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Current clinical projects



Study Title: Laboratory observational Ex-Vivo study to investigate the sensitivity and specificity of a smart dressing to detect clinically relevant wound infection.

This study focusses on identifying infection in burn wounds. As the skin's protective barrier is lost following a burn injury, it is vulnerable to infection. This is one of our key research priorities.

Burn wound infections can be difficult to diagnose in children, as the symptoms such as fever, vomiting and rash are shared with other common childhood illnesses. Children with burn wound infection can become seriously ill if treatment with antibiotics is not started quickly.

On the other hand, if children have symptoms such as fever or a rash this could be due to another cause such as a cold virus, teething etc which do not need to be treated with antibiotics.                                                                                                  

The Centre is working with the University of Bath to develop and test their new dressing prototype.

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From 2016-2018 we collected samples from used burn dressings to test the Smartwound™ dressing's response in the laboratory. The aim was to find out if the dressing correctly identified the patients with infection by changing colour and stayed 'turned off' for those without infection.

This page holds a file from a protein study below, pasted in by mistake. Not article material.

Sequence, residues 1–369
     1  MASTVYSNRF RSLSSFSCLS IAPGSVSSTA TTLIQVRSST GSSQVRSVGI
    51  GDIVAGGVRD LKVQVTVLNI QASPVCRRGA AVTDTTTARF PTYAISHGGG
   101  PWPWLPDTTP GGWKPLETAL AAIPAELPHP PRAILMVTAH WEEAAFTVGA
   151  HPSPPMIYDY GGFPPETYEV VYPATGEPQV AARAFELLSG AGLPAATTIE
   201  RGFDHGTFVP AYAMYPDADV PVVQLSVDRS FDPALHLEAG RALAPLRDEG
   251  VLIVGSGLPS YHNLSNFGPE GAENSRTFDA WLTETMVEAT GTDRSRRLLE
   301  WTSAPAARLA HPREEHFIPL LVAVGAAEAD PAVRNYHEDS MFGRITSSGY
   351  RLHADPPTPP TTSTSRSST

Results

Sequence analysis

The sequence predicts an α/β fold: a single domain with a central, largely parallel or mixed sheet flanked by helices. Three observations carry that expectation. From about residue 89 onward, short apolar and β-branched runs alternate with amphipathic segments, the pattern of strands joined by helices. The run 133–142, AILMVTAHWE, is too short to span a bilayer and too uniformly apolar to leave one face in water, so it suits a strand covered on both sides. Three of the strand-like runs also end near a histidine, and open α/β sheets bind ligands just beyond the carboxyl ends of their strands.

We are currently in the data processing phase.

The next phase aims to test the prototype Smartwound™ dressing on healthy volunteers who have suffered a burn injury and are requiring dressings for healing.

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Scientists explore alternative to antibiotics

Colour-changing burns dressing will help fight against antibiotic resistance



Study Title: Core Outcome Sets for Burn Care Research.

There are different ways to treat patients after a burn injury. Doctors need to test whether new treatments are better than older treatments. To do this we need to measure how well patients recover with different care. People with burns have different experiences during their recovery. This could include issues such as the side effects of treatment including scarring, pain or itching or quality of life. Currently researchers are using different endpoints of recovery to assess new treatments. The aim of the study is to find out which recovery issues or outcomes are most important to patients. The results of this study will enable a Core Set of Outcomes to be identified and agreed. These will then be reported consistently in all future burn research studies.

Patients are sent two questionnaires by post or email following their burn injury, and asked to rate how important each issue or outcome is. If there are any issues not covered by the questionnaire, patients are asked to add comments. After the questionnaires have been analysed, patients are also invited to a group meeting along with NHS staff to discuss the final core set of outcomes.

This research is being funded by the National Institute for Health Research, led by Dr Amber Young and run by the University of Bristol.

Twitter: @COSBresearch Email: